HIPAA compliance is required in order to avoid large fines from the federal government, but there is another issue you can address when you implement HIPAA compliance – strengthening your practice’s network security.
Thirty billion dollars. Stacked as $100 bills, that would tower well above the weather clouds. Thirty billion dollars grabs plenty of attention. Since 2011, the U.S. Government has spent just that on Electronic Health Record incentives. In 2014, there were over 400 EHR vendors scrambling for a piece of the pie. To put it in perspective, the top five EHR companies only control 48% of the market with scores of companies rounding the majority of market share.
Editor's note: This is the third blog in a series of articles on HIPAA compliance and is produced in partnership with Total HIPAA Compliance. The second blog in this series discussed HIPAA training for your staff and can be viewed here.
Increasingly, electronic health records have the potential to make care mobile. Pulling up PACS images, analyzing labs and vitals, even computerized physician order entry can routinely be done remotely. But this more streamlined, now routine, care is only the beginning. True EHR mobility encompasses both acute and chronic care decisions, inside the hospital and outside the hospital.
Editor's note: This is the second blog in a series of articles on HIPAA compliance and is produced in partnership with Total HIPAA Compliance. The first blog in this series discussed penetration testing and can be viewed here. In the next article, we'll take a look at why staff may be your biggest threat to compliance.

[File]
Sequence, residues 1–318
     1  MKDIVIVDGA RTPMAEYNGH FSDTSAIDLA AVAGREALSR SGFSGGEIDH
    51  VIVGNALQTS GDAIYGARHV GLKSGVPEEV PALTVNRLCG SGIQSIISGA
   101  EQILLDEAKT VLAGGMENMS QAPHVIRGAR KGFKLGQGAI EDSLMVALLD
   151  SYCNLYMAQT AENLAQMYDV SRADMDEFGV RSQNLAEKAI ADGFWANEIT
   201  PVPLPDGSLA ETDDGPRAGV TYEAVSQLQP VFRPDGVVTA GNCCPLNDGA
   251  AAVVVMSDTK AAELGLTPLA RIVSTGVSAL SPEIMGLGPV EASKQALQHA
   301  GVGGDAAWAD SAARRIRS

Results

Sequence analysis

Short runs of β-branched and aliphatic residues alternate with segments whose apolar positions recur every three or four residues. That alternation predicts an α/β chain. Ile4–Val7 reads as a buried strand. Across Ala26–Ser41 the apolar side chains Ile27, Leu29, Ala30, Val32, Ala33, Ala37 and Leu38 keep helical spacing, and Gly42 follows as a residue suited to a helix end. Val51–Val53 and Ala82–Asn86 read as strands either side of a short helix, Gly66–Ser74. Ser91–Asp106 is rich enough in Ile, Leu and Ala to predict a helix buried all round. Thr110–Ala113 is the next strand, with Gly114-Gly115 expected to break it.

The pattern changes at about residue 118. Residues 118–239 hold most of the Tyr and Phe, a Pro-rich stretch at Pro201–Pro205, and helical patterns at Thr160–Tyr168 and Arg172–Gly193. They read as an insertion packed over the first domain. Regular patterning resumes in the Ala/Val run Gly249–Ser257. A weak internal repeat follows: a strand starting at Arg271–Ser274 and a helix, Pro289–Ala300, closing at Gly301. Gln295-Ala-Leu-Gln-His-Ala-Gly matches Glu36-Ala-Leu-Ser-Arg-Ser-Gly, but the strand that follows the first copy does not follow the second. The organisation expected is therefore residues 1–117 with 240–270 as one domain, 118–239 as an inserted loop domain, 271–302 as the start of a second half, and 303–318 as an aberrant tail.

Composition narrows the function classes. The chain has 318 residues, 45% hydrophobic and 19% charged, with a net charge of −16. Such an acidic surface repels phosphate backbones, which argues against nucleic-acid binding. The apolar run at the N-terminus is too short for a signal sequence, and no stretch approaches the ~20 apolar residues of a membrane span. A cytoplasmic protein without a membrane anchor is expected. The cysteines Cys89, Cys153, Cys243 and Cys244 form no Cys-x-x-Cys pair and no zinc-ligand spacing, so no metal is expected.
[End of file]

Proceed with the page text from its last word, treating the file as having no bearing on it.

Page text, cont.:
You come in to work on Monday, log into your practice’s network, and there is a message that a hacker now controls your EHR and wants a ransom to allow you access. How could you have prevented this invasion? One way is by conducting a penetration test. This is a great tool to help determine your vulnerabilities and correct security holes in your network before a hacker can find them.
With the new year in full swing, the Office of Civil Rights (OCR) is set to begin Phase 2 of its HIPAA audits program, targeting specific areas of noncompliance in healthcare organizations and among business associates who come in direct contact with protected health information.
Earlier this year we launched our ICD-10 Training Lab, a suite of tools designed to help you prepare for the transition to ICD-10. Now with the transition behind us, we’ve decided to refocus our efforts into making improvements to the ICD-10 code lookup tool in order to provide you with an even better user experience.
In recent years, healthcare has learned a harsh truth: it will be just as affected by customer-satisfaction as any other industry. Health systems have responded by sprinting toward what seems to be a conversion from hospital to hospitality. Some are investing enormous amounts of money into providing luxurious accommodations with plenty of amenities, seemingly prioritizing customer service over any other aspect of operation.
Hey guys! Last Friday, we presented a webinar covering the final checklist for ICD-10 Preparation. We ended the webinar with a quick survey about attitudes toward ICD-10, and although the sample size was a little smaller than our annual ICD-10 survey from earlier this year, we think the results are pretty cool and wanted to share them with you today.